Confused procurement slows NHS IT progress

The NHS plans to invest in technology as part of its five year Forward View, to increase patient care and close growing gaps in service.

The use of  highly centralised and local IT procurement in tandem has slowed progress in the NHS's use of IT, according to the organisation's  five year Forward View report.

A previous focus on the now defunct NHS National Programme for IT to centralise IT, and the continued investment in IT at a local level has meant the NHS has not benefited from IT interoperability, the report said.

"Part of why progress has not been as fast as it should have been is that the NHS has oscillated between two opposite approaches to information technology adoption – neither of which now makes sense," said the report,

"At times we have tried highly centralised national procurements and implementations. When they have failed due to lack of local engagement and lack of sensitivity to local circumstances, we have veered to the opposite extreme of ‘letting a thousand flowers bloom’. The result has been systems that don’t talk to each other, and a failure to harness the shared benefits that come from interoperable systems."

This has caused the NHS to adopt both highly centralised and small local systems, which cannot communicate. To resolve this, the NHS plans to develop new systems to connect these fragments, and install national interoperability standards to ensure future projects are able to communicate with the already existing structure.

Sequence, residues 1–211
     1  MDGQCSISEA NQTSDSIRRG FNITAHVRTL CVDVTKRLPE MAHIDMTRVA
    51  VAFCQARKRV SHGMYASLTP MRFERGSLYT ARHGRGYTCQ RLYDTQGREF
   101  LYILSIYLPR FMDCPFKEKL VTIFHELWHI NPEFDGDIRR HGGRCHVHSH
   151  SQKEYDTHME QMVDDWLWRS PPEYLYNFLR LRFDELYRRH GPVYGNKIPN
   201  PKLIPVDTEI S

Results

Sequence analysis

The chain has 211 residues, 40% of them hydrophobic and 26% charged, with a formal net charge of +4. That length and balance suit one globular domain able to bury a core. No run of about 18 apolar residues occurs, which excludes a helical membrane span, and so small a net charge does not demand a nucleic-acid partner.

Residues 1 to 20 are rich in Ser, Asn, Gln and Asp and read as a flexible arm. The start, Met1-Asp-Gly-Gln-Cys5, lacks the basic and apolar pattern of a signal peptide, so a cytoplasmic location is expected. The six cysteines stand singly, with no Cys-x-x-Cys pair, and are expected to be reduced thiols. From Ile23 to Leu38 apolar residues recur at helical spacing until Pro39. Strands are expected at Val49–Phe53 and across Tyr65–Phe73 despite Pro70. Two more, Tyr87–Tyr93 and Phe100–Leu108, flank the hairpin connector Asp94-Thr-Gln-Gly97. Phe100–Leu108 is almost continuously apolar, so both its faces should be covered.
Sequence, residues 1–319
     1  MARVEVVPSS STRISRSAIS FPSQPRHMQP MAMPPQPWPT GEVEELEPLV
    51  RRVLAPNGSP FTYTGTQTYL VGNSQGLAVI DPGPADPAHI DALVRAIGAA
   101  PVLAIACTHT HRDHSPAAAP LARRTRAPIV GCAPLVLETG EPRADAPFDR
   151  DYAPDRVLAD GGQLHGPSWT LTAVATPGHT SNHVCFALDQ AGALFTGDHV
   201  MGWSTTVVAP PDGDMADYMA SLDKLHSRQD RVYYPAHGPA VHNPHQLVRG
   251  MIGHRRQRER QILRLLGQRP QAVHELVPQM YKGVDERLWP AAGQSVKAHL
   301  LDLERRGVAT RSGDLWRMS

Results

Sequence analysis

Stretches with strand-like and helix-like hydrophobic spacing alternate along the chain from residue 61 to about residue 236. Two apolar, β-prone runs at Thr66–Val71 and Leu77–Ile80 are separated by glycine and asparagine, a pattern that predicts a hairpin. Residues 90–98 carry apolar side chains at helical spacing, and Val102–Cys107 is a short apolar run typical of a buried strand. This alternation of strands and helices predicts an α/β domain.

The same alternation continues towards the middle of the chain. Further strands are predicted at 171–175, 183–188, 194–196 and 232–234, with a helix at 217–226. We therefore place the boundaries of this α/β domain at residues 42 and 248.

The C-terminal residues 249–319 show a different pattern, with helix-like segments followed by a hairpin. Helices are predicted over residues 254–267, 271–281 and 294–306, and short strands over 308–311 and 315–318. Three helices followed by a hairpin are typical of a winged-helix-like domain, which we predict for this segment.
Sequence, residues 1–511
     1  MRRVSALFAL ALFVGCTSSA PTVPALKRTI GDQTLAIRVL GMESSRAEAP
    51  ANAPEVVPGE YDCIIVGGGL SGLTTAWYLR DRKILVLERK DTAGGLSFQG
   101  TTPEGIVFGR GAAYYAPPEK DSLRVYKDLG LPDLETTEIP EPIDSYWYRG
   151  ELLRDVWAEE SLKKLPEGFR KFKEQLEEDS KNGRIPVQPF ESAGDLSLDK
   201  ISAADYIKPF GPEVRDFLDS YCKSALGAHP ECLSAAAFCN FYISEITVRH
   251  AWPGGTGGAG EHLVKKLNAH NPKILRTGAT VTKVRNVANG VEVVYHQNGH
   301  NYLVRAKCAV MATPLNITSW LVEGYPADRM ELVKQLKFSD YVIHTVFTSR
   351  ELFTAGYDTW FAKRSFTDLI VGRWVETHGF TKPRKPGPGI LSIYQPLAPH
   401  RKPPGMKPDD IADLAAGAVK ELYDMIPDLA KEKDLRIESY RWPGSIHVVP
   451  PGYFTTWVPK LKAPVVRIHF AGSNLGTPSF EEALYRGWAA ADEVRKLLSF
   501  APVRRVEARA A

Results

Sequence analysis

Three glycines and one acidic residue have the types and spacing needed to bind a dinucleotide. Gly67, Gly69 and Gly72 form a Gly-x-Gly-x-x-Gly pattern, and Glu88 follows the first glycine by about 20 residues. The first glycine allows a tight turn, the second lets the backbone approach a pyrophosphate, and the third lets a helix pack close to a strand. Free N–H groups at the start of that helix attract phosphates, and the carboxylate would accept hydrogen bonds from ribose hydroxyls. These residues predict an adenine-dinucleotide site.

The report also outlined plans to invest in technology to increase patient care and close growing gaps in service.

It said the NHS will "raise its game" on health technology to improve patient experience, and aims to "empower" patients by using digital strategies to allow all patients access to their medical and care records, and provide out-of-hours services.

The newly established National Information Board (NIB) will produce plans later this year to outline how to improve digital care, including initiatives such as developing NHS accredited health apps, interoperable electronic health records, and staff training to provide support to those struggling to use new technologies. 

According to the government: "The strategic direction agreed by the National Information Board will steer the priorities and commissioning for technology and information services delivered by the Health & Social Care Information Centre and other agencies, and partner organisations."

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